Good morning, Friends,

Since I’d been having such a hard time enjoying my walking, I decided this morning to shift the routine and return to walking as the very first thing I do in the morning. The results were gratifying. I’d forgotten why the early morning suits me so. First of all, I’m rested and walking on an empty stomach. Then, the freshness of early spring, frost still on the roofs but the air alive with bird song, few cars on the road, the village just waking up. I returned after an hour, totally charged and feeling like my old self. I don’t see this change interrupting my writing time. In fact it might enhance it, coming at it physically relaxed and receptive to inspiration.

No sooner had I gotten in the door then Kornelia, my Muse and housemate, and I started talking about last night at the Elks Club. Kornelia’s mother had invited us there for Karaoke with which we had some previous experience at the H2O restaurant in Anacortes. Seating at a large round table, sipping champagne in celebration of having just emptied and closed out our storage unit that afternoon, we began once again to build up our courage to sing publicly. I finally settled on three different songs, “oldies”, of course, since I hadn’t rehearsed anything. I started off with Dean Martin’s “Everybody Loves Somebody Somewhere” followed by Frank Sinatra’s “Embraceable You” and “Sentimental Journey”. I had trouble finding and keeping the pitch on the latter and won’t do that one again. I had a harder time convincing Kornelia that she should follow suit, get up there and sing something, and finally she did, singing “Killing Me, Softly”. She did a good job, too, bringing a lot of body language to it. Earlier we had listened to our friends from H2O, Tillie and Jerry, sing a duet which Kornelia liked and wanted us to sing together. She didn’t care that it had already been sung that night, that’s what she wanted to sing, so we did and Oh, what fun!. The song was Billy Preston’s “Woman, With You I’m Born Again”.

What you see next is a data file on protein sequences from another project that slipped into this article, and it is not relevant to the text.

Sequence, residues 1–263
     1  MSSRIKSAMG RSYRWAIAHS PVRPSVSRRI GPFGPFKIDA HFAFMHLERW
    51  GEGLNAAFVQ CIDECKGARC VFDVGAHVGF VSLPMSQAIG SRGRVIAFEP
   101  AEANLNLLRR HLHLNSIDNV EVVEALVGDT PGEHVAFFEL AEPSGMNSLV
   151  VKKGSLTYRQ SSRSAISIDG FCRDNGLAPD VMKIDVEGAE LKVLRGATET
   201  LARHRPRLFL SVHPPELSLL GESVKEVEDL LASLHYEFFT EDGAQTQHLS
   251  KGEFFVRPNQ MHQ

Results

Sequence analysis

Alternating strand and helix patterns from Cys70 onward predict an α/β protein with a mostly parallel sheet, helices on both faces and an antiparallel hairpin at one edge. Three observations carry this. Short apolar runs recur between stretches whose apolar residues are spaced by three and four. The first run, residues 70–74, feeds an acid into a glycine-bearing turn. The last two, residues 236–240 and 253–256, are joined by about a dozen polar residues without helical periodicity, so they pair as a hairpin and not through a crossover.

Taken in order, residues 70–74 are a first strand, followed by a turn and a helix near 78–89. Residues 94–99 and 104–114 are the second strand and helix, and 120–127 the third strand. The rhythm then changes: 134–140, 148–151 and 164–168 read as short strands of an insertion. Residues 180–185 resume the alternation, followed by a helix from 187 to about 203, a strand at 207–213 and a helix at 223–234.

The theme of the song, being ‘born again’, resonated in our minds as Kornelia and I looked back on the evening. She had sensed immediately that heaviness in the Elks Club that night, many of the round tables empty or half filled, so many members having died over the last few years and not many new members, It was a hassle to get anything to eat from the bar area in the other room so we didn’t try, munching instead on a home-made cinnamon roll Tillie had made, just what we hadn’t needed. Of most significance to Kornelia, though, was her exchange with her mother, her mother urging her daughter now to get up there and sing which recalled for Kornelia a much earlier time in Germany when the opposite was the case. Kornelia saw the irony and just as quickly accepted it and her mother in a way she’d never been able to before. Kornelia, she saw in herself, had changed, had in fact been reborn. It was gratifying to me to be present to witness it, love breaking through in this incredible way at this time at the Elk’s Club. At Kornelia’s insistence, I found myself, as tired as we both were,  standing in the dark hallway leading to our respective bedrooms, rehearsing one more time, Billy Preston’s song about rebirth. I could see why. Billy’s song had become Kornelia’s song.


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